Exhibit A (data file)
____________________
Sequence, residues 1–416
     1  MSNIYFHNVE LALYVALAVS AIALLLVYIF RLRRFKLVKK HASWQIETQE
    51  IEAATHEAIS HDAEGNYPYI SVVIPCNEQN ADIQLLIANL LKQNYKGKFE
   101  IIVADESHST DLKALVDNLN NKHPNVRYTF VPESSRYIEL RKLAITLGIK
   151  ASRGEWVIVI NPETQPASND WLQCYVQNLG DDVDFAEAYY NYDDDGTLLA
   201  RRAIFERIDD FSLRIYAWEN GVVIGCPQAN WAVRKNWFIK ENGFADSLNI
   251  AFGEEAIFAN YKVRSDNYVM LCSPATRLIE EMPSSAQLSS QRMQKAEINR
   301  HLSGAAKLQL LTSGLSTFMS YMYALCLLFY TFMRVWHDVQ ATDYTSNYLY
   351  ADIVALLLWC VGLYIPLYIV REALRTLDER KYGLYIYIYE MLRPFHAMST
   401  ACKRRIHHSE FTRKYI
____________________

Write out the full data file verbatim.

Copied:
Sequence, residues 1–416
     1  MSNIYFHNVE LALYVALAVS AIALLLVYIF RLRRFKLVKK HASWQIETQE
    51  IEAATHEAIS HDAEGNYPYI SVVIPCNEQN ADIQLLIANL LKQNYKGKFE
   101  IIVADESHST DLKALVDNLN NKHPNVRYTF VPESSRYIEL RKLAITLGIK
   151  ASRGEWVIVI NPETQPASND WLQCYVQNLG DDVDFAEAYY NYDDDGTLLA
   201  RRAIFERIDD FSLRIYAWEN GVVIGCPQAN WAVRKNWFIK ENGFADSLNI
   251  AFGEEAIFAN YKVRSDNYVM LCSPATRLIE EMPSSAQLSS QRMQKAEINR
   301  HLSGAAKLQL LTSGLSTFMS YMYALCLLFY TFMRVWHDVQ ATDYTSNYLY
   351  ADIVALLLWC VGLYIPLYIV REALRTLDER KYGLYIYIYE MLRPFHAMST
   401  ACKRRIHHSE FTRKYI